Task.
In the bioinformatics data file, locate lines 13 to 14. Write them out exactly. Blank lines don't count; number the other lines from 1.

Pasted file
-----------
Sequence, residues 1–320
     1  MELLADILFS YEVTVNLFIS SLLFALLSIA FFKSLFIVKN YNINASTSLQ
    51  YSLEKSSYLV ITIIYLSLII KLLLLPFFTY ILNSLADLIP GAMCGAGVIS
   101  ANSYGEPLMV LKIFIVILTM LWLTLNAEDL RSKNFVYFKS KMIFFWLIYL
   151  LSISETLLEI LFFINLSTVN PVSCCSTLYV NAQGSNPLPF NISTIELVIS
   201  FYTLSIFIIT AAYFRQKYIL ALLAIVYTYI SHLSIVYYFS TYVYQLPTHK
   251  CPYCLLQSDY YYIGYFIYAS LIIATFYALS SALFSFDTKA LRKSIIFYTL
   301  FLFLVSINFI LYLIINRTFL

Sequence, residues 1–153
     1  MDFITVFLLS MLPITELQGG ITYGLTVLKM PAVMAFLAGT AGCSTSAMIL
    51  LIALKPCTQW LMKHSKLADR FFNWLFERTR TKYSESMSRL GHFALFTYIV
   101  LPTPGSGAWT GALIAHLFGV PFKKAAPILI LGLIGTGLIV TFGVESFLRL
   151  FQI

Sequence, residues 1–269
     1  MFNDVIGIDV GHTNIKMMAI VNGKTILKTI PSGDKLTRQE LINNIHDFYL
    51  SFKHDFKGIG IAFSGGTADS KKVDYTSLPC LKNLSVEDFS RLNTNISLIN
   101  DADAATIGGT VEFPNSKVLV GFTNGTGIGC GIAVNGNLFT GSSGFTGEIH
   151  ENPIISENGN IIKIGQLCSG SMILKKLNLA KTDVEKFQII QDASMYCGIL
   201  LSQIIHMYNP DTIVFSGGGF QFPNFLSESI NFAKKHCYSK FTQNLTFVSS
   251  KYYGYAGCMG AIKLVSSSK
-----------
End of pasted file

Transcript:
   151  FQI

Sequence, residues 1–269